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Michigan, you'll have a good 2018. Just don't compare yourself to Florida.

University of Michigan

Nearly ten years after the Great Recession, an economist says the 2018 forecast is bright for Michigan -- as long as we don't compare it to places that are doing even better.

Tom Jackson is an economist with IHS Markit. He says Michigan will see job growth in computer programming and other high tech fields related to vehicle automation.

The state's economy also benefits from its strong public universities.

Just grade the state on a curve, he urges. Job growth will be more robust in southern states like Florida and Texas and Western states like Arizona and Nevada.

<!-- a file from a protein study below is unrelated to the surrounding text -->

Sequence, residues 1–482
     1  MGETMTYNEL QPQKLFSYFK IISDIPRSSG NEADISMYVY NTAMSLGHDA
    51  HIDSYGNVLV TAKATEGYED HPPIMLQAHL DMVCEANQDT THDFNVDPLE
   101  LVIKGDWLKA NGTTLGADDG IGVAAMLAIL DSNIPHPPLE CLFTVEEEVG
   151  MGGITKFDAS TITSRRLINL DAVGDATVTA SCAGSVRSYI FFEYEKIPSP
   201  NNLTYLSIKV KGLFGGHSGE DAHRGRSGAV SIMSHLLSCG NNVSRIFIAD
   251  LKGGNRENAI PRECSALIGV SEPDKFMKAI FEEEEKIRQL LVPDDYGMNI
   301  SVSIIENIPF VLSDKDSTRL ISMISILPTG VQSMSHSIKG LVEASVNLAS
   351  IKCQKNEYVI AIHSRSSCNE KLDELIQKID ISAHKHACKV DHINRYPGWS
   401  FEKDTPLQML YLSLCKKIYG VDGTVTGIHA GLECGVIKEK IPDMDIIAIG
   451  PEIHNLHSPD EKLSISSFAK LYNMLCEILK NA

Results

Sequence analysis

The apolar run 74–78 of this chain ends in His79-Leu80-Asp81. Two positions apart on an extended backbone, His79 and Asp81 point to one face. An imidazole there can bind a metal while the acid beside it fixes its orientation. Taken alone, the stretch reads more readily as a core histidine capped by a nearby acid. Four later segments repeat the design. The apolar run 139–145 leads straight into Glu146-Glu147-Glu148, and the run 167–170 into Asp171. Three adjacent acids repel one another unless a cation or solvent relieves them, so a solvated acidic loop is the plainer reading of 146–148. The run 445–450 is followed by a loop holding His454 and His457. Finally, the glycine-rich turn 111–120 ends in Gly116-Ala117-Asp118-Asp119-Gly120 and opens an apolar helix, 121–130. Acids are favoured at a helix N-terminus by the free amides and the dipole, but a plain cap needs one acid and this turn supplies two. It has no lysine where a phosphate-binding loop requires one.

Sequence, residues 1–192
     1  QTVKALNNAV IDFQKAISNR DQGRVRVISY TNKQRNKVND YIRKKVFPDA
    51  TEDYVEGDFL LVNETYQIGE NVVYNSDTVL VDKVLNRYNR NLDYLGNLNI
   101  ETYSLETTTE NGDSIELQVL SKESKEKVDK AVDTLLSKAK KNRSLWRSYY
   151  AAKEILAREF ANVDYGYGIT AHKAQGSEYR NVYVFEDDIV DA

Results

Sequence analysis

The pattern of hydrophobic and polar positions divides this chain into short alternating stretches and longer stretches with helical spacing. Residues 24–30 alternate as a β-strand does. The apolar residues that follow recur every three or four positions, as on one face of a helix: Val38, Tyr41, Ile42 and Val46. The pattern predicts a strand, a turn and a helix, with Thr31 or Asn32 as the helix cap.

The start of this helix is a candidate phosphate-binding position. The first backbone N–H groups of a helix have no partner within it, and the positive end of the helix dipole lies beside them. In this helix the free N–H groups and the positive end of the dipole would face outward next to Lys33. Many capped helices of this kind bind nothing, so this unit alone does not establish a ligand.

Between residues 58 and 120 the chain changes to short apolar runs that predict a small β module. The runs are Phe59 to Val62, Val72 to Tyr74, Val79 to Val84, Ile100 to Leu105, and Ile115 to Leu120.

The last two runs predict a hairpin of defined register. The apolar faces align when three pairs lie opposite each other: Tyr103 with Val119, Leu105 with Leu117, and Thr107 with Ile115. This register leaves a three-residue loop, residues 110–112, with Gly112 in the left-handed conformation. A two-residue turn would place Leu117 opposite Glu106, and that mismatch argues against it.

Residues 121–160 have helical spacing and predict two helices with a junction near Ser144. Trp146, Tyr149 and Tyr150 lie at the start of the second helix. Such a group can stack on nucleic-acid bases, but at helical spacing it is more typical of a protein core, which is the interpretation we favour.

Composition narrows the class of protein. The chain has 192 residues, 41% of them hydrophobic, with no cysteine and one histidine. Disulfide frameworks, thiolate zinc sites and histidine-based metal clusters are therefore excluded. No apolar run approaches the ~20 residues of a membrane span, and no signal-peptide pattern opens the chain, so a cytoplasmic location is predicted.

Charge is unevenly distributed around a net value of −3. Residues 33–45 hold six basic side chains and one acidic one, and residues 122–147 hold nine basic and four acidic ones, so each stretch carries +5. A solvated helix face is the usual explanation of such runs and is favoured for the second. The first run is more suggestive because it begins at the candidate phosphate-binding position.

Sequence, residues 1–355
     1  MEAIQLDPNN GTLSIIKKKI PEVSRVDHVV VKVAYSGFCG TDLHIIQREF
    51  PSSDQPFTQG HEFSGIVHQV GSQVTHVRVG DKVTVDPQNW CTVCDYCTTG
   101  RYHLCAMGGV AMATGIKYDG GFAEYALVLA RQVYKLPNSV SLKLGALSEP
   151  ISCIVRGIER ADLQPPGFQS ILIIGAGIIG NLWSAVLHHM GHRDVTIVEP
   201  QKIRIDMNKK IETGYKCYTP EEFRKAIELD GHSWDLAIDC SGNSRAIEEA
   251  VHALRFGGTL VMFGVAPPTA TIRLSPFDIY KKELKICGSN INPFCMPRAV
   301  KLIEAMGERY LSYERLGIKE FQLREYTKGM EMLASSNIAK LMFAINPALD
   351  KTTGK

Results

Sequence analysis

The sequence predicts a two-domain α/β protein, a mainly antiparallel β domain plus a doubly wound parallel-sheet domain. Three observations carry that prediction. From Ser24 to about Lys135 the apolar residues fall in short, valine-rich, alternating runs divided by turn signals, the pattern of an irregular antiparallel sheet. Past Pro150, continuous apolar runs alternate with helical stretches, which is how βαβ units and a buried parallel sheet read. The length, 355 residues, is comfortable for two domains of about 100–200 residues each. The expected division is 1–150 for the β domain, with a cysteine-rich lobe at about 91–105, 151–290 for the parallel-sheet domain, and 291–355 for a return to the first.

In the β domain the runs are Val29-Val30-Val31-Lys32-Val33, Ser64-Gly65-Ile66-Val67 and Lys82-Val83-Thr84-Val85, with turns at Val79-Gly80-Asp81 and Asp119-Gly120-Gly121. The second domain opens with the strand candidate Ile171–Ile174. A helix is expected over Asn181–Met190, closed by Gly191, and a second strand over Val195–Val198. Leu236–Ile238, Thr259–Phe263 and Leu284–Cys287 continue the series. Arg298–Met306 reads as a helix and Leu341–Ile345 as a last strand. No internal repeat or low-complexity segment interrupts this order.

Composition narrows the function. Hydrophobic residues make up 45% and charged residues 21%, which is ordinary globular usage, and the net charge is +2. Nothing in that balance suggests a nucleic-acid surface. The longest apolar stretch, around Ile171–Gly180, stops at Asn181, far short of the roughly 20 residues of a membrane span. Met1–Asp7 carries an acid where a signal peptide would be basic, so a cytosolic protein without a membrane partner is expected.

"Even under good scenarios, the overall numbers may not look as impressive compared to others," says Jackson.

When it comes to Detroit, Jackson says the city will finally return to pre-recession employment levels by the end of this year.

He says recent efforts by the mayor and business leaders to revitalize the downtown seem to be helping.

"It really does seem like what the Detroit area is doing is working so far," he says, "and especially if you compare it to five years ago. Something must be working."

Jackson says Detroit still has some very heavy lifting to do to fully recover from problems that predate the recession.He says the city has to stabilize its population and tax base, and it has to try to shrink its footprint to conserve city services.

Tracy Samilton covers energy and transportation, including the auto industry and the business response to climate change for Michigan Public. She began her career at Michigan Public as an intern, where she was promptly “bitten by the radio bug,” and never recovered.
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